The English high goal season officially kicked off on Tuesday with the first game of the Queen’s Cup at Guards Polo Club. This season sees the return of Hilario Ulloa, who is back playing in the UK after three seasons at Greenwich with White Birch. This season sees him playing with Corinne Ricard’s Murus Sanctus, alongside Facundo Sola and Martin “Min” Podesta.

“I am very happy to be back,” says Ulloa. “My objective was to come back and play the two high goal tournaments. Playing at Greenwich was a great experience, but being here competing against the best organisations is also special. Competing alongside the best is always a nice challenge.”

On his last time in England: “The last time I played here was in 2013, also with Facu Sola, when we played in Sumaya. I have had offers since, but always last minute things that were not so well organised. This was organised with time; I knew that to be a good 10-goal player here I would have to be very well mounted, and that does not happen over night. I was able to bring horses over, buy a few, and get organised.”

On what it feels like to come back with a 10-goal handicap: “It is one thing being the second or third man in the team, but being 10-goals and the leader of the team means that you have to be well mounted, because I have to go head to head with players like Cambiaso and Facu Pieres; they have the same handicap I do and are the best in the world. You have to have good horses to compete with them.”

On playing with Corinne Ricard: “I had never played with Corinne before. I met her when I was playing with Facu in Sumaya, but I had never played on a team with her. Being part of this organisation is great, everything works well. We put the team together a year ago, we have been making plans and talking about what we have to do, and Corinne helps Facu and I in everything. Every time I had the chance of buying a good mare, she helped me out. It’s one of those teams where you don’t have any excuses to not play well. If you lose a game it is because you didn’t play well or you had a bad day. We have done everything to put together a competitive team.”

Beyond the two challenging months ahead of Hilario in England, he is also thinking about the upcoming Argentine Triple Crown, where he will once again be playing for Alegria. “We have always had a fun team with Alegria,” says Ulloa. “Be it with Polito when he was with us or with Magoo. But it always boils down to the same thing: we have a competitive team, but the difference is made with horses. In terms of players, we can compete with Ellerstina or La Dolfina, but they have two big organisations and make the difference with their horses. There are no horses better than theirs. We have also suffered several horse related injuries. And if there is someone who wants to lend a good horse, they would rather see it play with La Dolfina or Ellerstina, because they are going to make it to the final.”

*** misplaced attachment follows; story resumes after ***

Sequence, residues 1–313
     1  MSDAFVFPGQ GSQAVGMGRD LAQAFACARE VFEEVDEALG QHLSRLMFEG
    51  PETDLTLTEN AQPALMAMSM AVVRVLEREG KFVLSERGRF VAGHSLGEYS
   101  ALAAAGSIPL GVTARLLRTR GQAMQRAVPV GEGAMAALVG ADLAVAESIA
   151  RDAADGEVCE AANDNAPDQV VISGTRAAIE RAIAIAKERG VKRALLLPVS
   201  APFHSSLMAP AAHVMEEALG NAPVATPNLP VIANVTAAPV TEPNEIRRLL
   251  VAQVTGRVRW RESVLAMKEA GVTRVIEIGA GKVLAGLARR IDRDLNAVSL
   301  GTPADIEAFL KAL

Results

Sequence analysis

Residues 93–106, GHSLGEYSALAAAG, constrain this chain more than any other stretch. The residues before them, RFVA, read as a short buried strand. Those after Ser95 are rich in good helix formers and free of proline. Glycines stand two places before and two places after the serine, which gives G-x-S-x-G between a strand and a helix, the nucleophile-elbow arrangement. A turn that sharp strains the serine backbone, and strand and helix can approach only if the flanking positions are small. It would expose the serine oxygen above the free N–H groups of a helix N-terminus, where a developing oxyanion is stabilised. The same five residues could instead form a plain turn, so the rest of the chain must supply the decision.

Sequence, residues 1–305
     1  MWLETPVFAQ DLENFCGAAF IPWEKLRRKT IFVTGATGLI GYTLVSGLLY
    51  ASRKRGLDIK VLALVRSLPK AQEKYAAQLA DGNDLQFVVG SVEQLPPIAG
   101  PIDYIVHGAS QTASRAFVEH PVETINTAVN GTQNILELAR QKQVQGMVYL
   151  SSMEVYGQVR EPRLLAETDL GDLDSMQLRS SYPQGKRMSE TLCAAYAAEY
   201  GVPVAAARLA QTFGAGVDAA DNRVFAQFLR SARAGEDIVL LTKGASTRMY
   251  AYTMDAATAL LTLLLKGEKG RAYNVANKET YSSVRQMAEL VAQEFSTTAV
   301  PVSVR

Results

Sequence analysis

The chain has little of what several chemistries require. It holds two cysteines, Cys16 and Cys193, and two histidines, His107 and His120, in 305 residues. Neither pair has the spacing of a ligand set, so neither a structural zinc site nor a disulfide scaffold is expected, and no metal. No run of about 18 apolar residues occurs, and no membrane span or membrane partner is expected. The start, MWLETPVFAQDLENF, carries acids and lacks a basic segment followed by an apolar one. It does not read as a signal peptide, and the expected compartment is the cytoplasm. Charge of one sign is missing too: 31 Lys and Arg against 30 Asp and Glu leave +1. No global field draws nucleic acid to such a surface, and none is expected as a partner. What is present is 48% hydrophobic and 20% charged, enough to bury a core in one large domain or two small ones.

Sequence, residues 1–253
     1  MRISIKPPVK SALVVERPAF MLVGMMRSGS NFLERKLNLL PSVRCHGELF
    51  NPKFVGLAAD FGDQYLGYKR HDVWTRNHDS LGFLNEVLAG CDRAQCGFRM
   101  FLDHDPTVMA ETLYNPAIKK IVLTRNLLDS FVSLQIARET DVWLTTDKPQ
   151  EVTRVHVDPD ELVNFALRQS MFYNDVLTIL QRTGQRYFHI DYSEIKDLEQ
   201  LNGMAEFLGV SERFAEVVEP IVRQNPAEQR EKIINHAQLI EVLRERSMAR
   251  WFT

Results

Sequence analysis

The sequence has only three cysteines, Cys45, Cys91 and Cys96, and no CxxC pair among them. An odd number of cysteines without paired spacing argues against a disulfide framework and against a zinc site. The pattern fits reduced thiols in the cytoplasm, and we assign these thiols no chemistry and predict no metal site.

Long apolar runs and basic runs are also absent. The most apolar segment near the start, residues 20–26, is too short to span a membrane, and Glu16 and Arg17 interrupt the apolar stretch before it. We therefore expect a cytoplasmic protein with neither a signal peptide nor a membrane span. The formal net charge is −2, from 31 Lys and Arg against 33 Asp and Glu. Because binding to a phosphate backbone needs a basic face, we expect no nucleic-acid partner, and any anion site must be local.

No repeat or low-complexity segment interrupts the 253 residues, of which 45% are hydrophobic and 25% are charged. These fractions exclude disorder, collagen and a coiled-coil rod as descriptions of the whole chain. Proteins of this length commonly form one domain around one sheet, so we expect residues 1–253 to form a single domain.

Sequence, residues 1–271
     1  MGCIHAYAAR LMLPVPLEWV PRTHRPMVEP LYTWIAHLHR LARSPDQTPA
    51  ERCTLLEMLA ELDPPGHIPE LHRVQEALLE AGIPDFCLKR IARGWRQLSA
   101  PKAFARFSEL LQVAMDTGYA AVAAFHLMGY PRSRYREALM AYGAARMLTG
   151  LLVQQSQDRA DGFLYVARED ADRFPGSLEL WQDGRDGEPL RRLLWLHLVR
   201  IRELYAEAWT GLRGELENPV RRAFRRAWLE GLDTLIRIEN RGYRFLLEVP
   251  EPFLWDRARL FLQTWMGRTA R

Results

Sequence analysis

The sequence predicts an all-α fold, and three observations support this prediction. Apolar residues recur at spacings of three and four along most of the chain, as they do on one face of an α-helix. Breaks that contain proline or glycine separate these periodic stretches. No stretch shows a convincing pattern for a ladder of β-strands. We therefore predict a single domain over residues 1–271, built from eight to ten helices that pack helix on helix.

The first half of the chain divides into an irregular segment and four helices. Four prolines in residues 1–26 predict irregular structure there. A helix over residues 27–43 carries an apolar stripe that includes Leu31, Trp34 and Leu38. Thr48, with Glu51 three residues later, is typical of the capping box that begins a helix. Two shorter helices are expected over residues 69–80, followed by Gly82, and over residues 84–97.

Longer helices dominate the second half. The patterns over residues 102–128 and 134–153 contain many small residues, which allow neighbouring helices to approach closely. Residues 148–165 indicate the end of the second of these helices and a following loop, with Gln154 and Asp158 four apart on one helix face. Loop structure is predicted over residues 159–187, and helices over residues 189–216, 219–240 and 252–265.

“There are less patrons around, so it is difficult to attract people who have the means to mount a team well. Many players put everything they have into getting good horses, but sometimes it is not enough. There are few players around who have everything they need to play well. The rest are less consistent – you may have a good year and then an average year.”

-On his long term objective, beyond Alegria: “I sometimes think about what would happen after Alegria, but my goal is always the same: to win Palermo. I am very happy with Alegría, we have a great team and I don’t think about playing with anyone else. But one day I would like to put together a team with players who are focused on the horses and creating an organisation. Today there are lots of guys who play well, but the hard thing is getting a good string together and being well mounted. So, in the future, I would like to get together with three other guys who want to win Palermo, buy horses, and be well mounted. You probably won’t win the first or second year, but one day it will happen. And that only becomes a reality if all four players want to buy horses. It is an enormous sacrifice in terms of money, because you have to invest a lot in this and not in other things, like having a big house, for example. If you are in doubt about buying a mare because it is too expensive, buy it anyway – it’s to win Palermo.”

On his relationship with Fred Mannix after playing together for so many years: “Fred is a friend and a teammate. He never demands anything because he is the owner of the team – he is one of the team. He is prepared to do anything and everything on the field. In that sense, we really are a four-man team with the same objective in mind.”

While there is a while to go before the start of the Argentine high goal, next week will be critical for Argentine polo, since the AAP will elect its new leader. On the subject, Hilario states: “I obviously support the Polo Union, but I think what we need most is a change on behalf of everyone: players, patrons, managers – a change of mentality, so to speak. We want patrons to have fun again, to get excited about polo. We don’t need them to get involved in the politics of the sport, in the umpiring and the draws, and so on. Polo is trying to be so professional that we have put the patron in the same situation as the player: he has to go to the gym, play the team practice, go to the team meetings, go to the draws – it’s too much stress. The patron should arrive, play, and have a good time, and lose if he has to lose. If he wants to work, he can work, but if he wants to play, he has to get the ball. I also think that polo needs to adopt a different mentality; it needs to be managed differently, we need to put new things together, develop new polo destinations, attract new patrons, new businesses, and help polo grow in other countries. We need to open our mind and leave the old school train of thought behind.”

This site uses Akismet to reduce spam. Learn how your comment data is processed.